Couple plan same sex marriage in Hitchin after law change
- Credit: Archant
With a change in the law allowing same sex couples to get married, the Comet has spoken to two women who will be tying the knot next month.
There are currently eight same sex couples seeking to get married in North Hertfordshire, following a change in UK law which came into effect on Saturday.
Among them is Jane Lombari, 46, and Katie-Jayne Bethell, 26, who are preparing for their big day at The Sun Hotel in Hitchin on May 24.
The pair, who met at the hotel in 2010, were originally going to enter into a civil partnership but decided to wait for marriage to be legalised.
Ms Lombari said: “We met at a gay night they used to hold a few years ago at the hotel. The DJ was our mutual friend Keith, who will be DJ-ing at our wedding too.
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“I’m really excited about the whole thing. We have been planning it for the last two years so everything is finished now and we just want to get on with it.
“I never thought I’d get married because I had a Catholic upbringing, I took communion when I was younger but at that age you go along with things because you don’t want to get left behind.
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“We’re not having any religious involvement in the ceremony. I know everyone’s entitled to their opinion and beliefs but I don’t know how some people get away saying some of the things they do.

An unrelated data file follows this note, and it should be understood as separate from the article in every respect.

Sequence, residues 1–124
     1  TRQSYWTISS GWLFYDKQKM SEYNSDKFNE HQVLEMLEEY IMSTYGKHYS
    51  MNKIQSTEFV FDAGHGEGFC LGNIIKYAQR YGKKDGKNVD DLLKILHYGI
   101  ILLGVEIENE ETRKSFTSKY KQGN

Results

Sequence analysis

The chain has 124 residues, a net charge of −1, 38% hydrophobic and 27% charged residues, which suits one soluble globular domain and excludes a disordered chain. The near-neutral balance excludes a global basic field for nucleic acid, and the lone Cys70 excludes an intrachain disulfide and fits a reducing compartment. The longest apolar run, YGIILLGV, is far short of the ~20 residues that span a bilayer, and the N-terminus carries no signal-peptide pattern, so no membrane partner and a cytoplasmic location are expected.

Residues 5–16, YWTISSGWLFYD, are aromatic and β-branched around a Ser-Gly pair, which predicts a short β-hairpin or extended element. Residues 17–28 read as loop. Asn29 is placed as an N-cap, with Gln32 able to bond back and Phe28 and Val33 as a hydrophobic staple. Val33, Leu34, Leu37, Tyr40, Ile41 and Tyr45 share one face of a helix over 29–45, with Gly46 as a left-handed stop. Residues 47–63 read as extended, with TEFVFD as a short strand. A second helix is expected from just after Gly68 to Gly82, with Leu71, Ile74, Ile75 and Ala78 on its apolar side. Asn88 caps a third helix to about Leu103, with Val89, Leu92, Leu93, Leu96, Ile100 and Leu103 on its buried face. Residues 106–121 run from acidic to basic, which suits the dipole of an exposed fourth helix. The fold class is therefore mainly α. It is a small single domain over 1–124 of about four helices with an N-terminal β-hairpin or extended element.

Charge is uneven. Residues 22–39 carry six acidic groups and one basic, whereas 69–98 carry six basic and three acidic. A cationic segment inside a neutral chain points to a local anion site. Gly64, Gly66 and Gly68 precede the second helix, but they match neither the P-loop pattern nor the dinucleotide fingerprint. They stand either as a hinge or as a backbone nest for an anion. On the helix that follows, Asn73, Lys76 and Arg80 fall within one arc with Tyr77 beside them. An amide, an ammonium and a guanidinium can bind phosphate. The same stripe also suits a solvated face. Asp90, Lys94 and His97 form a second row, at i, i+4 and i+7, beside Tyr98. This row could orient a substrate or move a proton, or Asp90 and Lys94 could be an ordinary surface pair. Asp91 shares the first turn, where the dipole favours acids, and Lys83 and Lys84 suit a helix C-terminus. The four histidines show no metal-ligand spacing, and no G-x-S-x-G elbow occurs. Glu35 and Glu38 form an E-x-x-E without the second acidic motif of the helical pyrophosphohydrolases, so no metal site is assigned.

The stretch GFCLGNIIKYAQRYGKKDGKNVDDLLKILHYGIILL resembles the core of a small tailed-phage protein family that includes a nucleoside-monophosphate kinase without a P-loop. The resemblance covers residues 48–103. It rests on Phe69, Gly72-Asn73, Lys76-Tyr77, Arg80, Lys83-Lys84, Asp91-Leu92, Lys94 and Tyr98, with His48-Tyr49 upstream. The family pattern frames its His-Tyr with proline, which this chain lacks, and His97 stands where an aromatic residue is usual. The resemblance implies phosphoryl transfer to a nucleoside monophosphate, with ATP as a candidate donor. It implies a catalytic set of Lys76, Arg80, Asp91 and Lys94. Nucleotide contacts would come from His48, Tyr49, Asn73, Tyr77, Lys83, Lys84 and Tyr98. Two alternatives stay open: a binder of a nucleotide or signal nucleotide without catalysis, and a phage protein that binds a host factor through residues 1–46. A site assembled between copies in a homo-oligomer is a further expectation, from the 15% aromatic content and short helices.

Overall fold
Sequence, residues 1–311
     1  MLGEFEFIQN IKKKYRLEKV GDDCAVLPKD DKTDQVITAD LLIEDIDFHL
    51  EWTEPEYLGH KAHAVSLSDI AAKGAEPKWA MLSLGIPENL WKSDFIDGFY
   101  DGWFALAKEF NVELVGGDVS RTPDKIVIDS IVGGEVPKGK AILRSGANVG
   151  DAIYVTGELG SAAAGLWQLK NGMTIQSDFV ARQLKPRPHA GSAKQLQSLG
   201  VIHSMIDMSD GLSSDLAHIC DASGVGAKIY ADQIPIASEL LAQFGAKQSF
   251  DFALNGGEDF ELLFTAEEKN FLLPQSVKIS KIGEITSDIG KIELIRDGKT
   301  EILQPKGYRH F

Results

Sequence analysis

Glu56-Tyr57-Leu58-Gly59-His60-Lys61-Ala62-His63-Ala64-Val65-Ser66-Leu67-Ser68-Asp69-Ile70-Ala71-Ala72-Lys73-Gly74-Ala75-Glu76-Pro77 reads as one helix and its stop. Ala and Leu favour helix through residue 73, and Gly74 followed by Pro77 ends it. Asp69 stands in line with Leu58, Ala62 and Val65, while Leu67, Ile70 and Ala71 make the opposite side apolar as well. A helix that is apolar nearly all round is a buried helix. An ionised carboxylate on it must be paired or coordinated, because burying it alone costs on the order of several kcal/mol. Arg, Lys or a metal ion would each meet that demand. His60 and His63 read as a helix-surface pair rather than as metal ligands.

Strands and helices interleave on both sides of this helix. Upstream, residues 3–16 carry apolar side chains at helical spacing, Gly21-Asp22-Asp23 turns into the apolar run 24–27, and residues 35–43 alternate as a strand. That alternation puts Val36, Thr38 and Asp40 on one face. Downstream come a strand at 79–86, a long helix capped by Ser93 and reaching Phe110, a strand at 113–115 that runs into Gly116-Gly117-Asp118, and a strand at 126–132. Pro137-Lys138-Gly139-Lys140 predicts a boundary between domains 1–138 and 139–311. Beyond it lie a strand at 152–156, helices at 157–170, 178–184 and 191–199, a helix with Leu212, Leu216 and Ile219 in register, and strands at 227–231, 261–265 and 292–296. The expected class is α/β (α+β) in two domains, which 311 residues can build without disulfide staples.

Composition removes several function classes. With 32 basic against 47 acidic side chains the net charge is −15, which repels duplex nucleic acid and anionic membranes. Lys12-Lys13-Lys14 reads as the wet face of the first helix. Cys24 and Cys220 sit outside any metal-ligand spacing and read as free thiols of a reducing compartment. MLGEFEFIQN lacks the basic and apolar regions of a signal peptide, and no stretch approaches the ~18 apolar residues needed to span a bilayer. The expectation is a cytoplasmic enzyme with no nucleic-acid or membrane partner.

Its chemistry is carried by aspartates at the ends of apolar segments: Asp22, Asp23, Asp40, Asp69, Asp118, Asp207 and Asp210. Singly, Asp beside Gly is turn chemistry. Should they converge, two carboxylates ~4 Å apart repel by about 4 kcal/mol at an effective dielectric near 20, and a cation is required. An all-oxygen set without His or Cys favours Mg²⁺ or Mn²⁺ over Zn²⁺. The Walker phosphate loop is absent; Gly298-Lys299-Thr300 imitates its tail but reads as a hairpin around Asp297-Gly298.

“Just because I’m gay doesn’t mean I shouldn’t be able to get married. I pay the same taxes and obey the same laws as everybody else so I should be entitled to get married.”
Keith Fitzpatrick-Matthews was the first person in North Herts to enter into a civil partnership – which has a similar legal status to a marriage but is not solemized by words and never has any religious invovlment – with his partner Tony on December 21, 2005.
He said: “We are planning on doing something at the end of the year to celebrate the eighth anniversary of our civil partnership.
“It’s been long overdue but I welcome the move which finally puts every marriage on an equal par.”
The law has proved controversial with many backbench Conservative MPs voting against the bill and religious organisations opposing same sex marriage.
The Church of England is exempt and others, including the Catholic Church of England and Wales, and the Muslim Council of Britain are refusing to marry same sex couples.
Some smaller churches, including the Quakers, are now marrying couples.
Stephen Whiting, warden of the Stevenage Quaker Meeting House in Cuttys Lane, said: “We don’t have any plans to marry any same sex couples at the moment and they would have to be members of the Quakers but we have always supported it because we believe that love is beyond gender.
“When two people are in love and want to commit themselves to each other it is something special which should be celebrated regardless of whether they are gay or straight.”